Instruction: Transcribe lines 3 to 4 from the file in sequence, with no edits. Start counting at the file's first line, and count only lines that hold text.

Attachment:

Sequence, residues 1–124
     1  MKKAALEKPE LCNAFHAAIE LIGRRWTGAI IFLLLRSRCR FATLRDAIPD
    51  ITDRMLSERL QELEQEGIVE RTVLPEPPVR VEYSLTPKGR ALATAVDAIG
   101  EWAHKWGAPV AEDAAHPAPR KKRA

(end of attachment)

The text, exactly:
    51  ITDRMLSERL QELEQEGIVE RTVLPEPPVR VEYSLTPKGR ALATAVDAIG
   101  EWAHKWGAPV AEDAAHPAPR KKRA